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Book Review: Girl Hunter by Georgia Pellegrini

In her new book "Girl Hunter," contributor Georgia Pellegrini eases readers into the world of hunting through the gentle, wide eyes of a novice.


For many of us, hunting is something we grew up with, something we can’t imagine life without. But when is the last time you stopped and asked yourself why, in fact, you do hunt? We are sportsmen and women of integrity, planning, precision and generosity, but the mainstream media tends to paint all hunters as toothless and bloodthirsty backwoods folks who don’t appreciate the beauty of nature. Enter Georgia Pellegrini who, with the release of her newest book “Girl Hunter: Revolutionizing the Way We Eat, One Hunt at a Time,” flattens that myth in one fell swoop.

“Girl Hunter” opens with Georgia’s departure from the corporate life as she embarks on a year-long quest into the wild world of hunting. After a brief stint working on Wall Street, Georgia decided to pursue her life-long love of cooking, a choice that eventually lead her to the journey she details in her book. She commences a road trip of sorts across the United States to find out if it’s possible in our fast-paced world to live solely off of what one's hands can produce, to eat only meat one has harvested. It also manifests itself as a personal challenge, pushing her to limits as a cook and as a human being that she has never dreamed of—like shooting five wild hogs in an afternoon, and field dressing an animal on the forest floor, then butchering it down and using every piece of it—nose to tail—for that night’s dinner in camp.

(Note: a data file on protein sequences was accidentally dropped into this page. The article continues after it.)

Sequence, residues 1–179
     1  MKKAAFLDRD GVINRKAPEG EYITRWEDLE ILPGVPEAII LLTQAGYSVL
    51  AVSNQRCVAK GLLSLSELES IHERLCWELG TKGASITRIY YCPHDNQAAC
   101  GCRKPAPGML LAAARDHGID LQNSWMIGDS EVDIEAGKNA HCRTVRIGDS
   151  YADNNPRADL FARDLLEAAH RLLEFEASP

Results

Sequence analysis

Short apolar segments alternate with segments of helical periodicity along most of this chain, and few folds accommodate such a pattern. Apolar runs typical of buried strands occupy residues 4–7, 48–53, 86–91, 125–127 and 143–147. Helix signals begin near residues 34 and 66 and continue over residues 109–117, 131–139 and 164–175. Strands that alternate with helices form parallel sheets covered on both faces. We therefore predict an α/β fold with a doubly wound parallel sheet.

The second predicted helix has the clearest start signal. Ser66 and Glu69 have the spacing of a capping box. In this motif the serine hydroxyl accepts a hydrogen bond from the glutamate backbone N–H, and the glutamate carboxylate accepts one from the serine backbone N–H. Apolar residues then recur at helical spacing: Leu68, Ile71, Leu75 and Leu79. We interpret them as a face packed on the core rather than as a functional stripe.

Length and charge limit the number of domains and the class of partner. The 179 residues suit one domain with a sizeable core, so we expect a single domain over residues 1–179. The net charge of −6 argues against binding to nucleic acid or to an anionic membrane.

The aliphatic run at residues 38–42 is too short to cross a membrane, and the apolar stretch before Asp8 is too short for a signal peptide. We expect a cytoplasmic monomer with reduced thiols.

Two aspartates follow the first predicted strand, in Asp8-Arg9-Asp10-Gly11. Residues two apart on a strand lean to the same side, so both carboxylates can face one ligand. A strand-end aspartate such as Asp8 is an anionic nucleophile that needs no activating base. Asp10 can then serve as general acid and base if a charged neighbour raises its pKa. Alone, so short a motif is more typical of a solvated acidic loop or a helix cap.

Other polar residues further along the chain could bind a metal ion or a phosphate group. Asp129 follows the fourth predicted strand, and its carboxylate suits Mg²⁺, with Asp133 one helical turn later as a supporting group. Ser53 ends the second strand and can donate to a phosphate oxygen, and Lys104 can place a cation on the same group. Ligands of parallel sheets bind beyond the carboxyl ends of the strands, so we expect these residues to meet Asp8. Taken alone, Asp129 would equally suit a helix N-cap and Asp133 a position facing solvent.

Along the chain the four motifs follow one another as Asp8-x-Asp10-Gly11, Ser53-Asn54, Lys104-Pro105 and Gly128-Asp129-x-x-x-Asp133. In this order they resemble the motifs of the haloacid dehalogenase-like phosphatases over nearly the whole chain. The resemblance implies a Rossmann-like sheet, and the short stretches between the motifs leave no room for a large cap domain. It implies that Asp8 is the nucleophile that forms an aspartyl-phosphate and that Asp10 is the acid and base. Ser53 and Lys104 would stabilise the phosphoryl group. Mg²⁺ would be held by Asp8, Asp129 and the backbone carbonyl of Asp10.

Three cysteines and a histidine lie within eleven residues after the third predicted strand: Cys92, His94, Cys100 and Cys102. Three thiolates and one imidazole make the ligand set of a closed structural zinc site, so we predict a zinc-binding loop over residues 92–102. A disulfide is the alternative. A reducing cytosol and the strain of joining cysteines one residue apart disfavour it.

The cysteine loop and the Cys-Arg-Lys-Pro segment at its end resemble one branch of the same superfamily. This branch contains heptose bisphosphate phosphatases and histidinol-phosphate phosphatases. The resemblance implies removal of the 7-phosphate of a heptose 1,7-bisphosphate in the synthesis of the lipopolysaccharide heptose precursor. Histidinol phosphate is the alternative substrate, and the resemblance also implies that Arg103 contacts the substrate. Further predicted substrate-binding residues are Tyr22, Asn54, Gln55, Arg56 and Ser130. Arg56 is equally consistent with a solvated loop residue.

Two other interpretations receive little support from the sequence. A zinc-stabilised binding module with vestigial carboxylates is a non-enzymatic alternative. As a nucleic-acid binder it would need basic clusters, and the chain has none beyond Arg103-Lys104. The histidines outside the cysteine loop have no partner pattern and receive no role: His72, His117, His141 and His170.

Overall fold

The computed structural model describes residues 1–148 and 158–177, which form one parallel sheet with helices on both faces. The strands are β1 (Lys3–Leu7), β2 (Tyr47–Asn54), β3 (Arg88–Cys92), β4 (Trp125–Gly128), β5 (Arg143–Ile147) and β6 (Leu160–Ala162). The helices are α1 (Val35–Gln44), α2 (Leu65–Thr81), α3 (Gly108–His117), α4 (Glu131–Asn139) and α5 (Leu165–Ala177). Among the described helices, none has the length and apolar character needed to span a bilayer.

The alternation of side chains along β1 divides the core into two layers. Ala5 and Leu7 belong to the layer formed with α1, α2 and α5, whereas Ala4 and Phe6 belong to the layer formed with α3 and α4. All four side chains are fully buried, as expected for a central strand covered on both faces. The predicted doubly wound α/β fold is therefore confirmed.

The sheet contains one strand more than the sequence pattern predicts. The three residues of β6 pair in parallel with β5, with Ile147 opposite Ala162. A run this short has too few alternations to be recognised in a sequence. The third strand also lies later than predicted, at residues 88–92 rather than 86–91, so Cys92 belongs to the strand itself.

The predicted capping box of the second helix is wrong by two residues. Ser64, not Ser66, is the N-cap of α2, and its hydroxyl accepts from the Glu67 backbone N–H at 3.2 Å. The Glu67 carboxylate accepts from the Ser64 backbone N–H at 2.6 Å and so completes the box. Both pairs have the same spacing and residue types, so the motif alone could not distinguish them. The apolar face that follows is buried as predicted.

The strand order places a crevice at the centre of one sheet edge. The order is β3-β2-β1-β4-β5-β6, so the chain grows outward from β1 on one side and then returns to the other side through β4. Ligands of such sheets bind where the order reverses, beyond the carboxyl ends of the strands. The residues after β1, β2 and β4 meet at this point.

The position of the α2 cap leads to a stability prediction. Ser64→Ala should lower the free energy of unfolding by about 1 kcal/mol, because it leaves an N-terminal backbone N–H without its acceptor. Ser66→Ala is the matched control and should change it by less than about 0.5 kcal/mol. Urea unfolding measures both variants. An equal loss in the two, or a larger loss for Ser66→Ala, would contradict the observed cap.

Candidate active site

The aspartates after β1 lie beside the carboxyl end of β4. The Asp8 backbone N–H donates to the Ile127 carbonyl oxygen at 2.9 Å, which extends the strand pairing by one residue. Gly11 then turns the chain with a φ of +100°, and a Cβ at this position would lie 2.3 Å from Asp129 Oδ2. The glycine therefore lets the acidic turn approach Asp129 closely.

We meet the author—a slim, 5-foot-5 strawberry blonde, cloaked in oversized Army camouflage clothing and rubber boots—on an early morning Arkansas turkey hunt, clustered behind a tree with two veteran hunters almost twice her size. Not only is it her first hunt but also her first time shooting a gun—this time, a 20-gauge shotgun that was handed to her the day before and dubbed “a good turkey gun if you can get ‘em close.” Despite the advice of her guides to be patient and keep her head down on the gun, she misses her shot, all too suddenly realizing there is a lot more to the sport than she thought. But despite her embarrassment she knows this first trip has given her the taste for hunting, the itch that will bring her back to the field again. She has crossed over an invisible barrier, knowing she can never go back to her old ways of Styrofoam-wrapped meat under florescent grocery store lights.